by Pregnancy.org Staff
Is making a baby taking longer than expected? Scientists have found that some men have a genetic change which makes them less fertile.
Research from the University of California at Davis shows that some sperm lack a protective protein, beta-defensin. This protein coats the swimmer and helps it to move through the mucus found in the female reproductive tract. It acts kind of like a "Klingon cloaking device," study author Gary Cherr said, "helping sperm attach to the surface and sneak their way to an egg. It also keeps the female immune system from attacking sperm cells."
Studies carried out in people from the US, UK, China, Japan and Africa, found the gene mutation is common around the world. About half of all men carry one copy of the defective gene; while a quarter have two defective copies.
Couples trying to conceive found a big drop in pregnancies if a man had two defective genes. They were 30% less likely to become pregnant in any given month. The defective sperm looks normal under a microscope, but struggles to get through to an egg.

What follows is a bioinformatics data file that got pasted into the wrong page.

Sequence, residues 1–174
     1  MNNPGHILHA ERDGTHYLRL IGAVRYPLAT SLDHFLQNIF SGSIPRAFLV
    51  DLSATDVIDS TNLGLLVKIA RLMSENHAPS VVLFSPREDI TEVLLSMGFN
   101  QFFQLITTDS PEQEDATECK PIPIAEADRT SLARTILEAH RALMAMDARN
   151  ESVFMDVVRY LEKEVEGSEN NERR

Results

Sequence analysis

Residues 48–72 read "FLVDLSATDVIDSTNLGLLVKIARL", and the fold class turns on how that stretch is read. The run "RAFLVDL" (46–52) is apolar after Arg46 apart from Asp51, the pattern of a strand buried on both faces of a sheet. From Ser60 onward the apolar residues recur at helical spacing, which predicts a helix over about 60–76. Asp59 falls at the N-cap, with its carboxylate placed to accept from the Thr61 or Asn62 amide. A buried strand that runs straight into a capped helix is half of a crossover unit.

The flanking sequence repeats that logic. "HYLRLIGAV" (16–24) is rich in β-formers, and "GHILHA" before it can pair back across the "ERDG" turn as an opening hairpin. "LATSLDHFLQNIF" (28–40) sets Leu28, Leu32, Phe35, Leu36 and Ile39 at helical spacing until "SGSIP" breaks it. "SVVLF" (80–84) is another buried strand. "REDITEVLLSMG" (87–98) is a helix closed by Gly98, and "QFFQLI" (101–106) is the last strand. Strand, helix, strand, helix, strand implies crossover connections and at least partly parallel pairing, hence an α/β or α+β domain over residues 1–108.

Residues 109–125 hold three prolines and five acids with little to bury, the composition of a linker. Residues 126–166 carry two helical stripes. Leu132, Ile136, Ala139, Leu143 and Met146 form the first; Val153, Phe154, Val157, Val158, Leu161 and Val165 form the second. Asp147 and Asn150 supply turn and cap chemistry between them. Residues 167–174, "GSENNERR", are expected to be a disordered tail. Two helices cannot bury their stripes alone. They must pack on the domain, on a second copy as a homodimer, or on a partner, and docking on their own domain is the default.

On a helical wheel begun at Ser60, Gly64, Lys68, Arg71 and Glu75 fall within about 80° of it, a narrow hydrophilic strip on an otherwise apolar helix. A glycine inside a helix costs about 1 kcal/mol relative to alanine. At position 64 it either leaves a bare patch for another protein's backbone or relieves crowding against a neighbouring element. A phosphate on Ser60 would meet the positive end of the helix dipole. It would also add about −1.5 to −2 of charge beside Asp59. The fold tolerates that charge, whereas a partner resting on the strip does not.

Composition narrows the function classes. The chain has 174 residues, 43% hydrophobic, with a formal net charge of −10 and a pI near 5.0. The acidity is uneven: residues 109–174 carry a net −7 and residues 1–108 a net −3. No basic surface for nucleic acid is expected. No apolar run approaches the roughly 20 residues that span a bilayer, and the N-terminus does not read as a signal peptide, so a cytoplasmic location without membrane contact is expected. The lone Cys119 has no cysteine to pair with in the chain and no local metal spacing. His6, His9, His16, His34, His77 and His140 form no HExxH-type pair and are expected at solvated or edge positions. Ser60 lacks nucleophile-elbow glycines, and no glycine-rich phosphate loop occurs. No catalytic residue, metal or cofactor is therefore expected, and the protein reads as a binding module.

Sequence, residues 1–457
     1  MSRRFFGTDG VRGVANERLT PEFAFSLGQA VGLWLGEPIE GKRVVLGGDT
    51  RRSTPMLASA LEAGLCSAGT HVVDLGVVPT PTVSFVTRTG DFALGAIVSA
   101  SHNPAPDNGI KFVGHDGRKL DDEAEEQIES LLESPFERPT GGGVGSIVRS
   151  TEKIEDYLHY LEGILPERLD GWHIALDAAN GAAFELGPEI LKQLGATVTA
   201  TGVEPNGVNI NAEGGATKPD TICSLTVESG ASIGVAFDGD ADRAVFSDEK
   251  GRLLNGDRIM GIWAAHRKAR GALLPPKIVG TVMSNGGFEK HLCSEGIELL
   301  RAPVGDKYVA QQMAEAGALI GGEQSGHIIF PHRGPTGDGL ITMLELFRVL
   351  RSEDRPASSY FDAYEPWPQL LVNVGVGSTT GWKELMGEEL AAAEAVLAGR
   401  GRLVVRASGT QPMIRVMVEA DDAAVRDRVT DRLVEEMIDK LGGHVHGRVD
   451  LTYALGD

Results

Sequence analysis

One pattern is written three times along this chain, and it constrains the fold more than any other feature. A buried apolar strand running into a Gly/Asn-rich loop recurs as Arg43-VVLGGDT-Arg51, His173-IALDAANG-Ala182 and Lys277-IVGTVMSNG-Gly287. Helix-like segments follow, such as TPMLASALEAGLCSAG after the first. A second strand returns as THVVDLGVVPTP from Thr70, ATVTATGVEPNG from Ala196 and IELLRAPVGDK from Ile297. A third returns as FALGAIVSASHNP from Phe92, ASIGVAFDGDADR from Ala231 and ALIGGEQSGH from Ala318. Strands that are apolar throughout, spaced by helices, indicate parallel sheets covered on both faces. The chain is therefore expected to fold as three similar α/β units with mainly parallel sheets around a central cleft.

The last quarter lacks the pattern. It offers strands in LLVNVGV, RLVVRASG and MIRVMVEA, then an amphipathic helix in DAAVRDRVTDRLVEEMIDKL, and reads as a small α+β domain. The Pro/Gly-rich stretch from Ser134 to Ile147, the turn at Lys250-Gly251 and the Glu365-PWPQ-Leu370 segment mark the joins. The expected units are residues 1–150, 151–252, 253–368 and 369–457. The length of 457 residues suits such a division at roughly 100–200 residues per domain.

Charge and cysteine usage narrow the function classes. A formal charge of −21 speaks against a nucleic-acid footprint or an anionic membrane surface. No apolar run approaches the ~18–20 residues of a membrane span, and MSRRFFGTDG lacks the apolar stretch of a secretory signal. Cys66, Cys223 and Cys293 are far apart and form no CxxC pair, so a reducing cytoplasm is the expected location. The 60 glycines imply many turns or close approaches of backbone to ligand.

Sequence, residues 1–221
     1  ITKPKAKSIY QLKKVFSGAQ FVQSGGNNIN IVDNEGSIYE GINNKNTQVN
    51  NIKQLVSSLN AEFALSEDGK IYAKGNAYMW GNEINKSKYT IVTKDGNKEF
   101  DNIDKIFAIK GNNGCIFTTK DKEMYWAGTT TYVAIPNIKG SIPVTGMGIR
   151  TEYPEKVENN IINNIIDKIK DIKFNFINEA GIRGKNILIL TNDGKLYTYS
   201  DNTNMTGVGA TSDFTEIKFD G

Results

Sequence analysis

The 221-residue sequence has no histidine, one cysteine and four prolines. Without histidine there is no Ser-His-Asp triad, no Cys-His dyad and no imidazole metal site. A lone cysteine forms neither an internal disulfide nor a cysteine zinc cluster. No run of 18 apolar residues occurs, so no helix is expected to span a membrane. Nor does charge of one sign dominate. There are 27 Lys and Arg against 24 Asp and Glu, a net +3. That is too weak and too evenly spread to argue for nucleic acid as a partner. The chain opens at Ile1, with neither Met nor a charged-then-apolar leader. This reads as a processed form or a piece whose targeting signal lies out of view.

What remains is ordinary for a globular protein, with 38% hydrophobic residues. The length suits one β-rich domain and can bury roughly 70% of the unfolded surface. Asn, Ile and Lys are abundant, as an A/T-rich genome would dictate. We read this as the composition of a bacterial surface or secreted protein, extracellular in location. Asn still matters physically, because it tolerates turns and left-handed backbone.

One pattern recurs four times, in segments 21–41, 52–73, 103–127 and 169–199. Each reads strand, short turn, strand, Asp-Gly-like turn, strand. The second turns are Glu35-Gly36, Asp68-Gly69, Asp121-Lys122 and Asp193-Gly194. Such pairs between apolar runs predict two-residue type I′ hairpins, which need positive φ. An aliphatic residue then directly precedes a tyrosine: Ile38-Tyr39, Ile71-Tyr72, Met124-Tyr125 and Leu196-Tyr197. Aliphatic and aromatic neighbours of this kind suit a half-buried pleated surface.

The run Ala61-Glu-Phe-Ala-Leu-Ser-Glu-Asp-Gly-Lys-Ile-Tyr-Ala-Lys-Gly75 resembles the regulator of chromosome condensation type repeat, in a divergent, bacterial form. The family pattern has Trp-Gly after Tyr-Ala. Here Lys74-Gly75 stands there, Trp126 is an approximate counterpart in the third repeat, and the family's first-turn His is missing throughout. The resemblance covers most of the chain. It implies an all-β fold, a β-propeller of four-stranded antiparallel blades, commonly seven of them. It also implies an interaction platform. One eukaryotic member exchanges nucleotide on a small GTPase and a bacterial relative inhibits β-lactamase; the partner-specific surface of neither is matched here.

What's on the research horizon? A possible intervention for couples might ultimately be a synthetic form of beta-defensin. The protein would be concentrated and applied as a vaginal cream or gel. Sperm would pick up this defensin coat as they advanced into the cervix.
Future research might lead to both clinical and home infertility tests looking for this mutation. If found, the couple could be treated with a procedure such as "intracytoplasmic sperm injection" or ICSI.
For now, Dr Edward Hollox, co-author of the study suggests that if you've got this gene variant you should allow that "little bit longer" if you're trying to get your partner pregnant. For some, all it takes is that extra bit of time and patience.
About the study: Theodore L. Tollner, Scott A. Venners, Edward J. Hollox, Ashley I. Yudin, Xue Liu, Genfu Tang, Houxun Xing, Robert J. Kays, Tsang Lau, James W. Overstreet, Xiping Xu, Charles L. Bevins, and Gary N. Cherr. A Common Mutation in the Defensin DEFB126 Causes Impaired Sperm Function and Subfertility. Although sperm from men carrying two mutated copies of DEFB126 showed no signs of defect or shape change, they were 84% slower moving through a gel. Couples where the man carried two mutated copies of DEFB126 were 30% less likely to conceive a baby in a given month than couple with at least one normal copy of the gene.
Copyright © Pregnancy.org.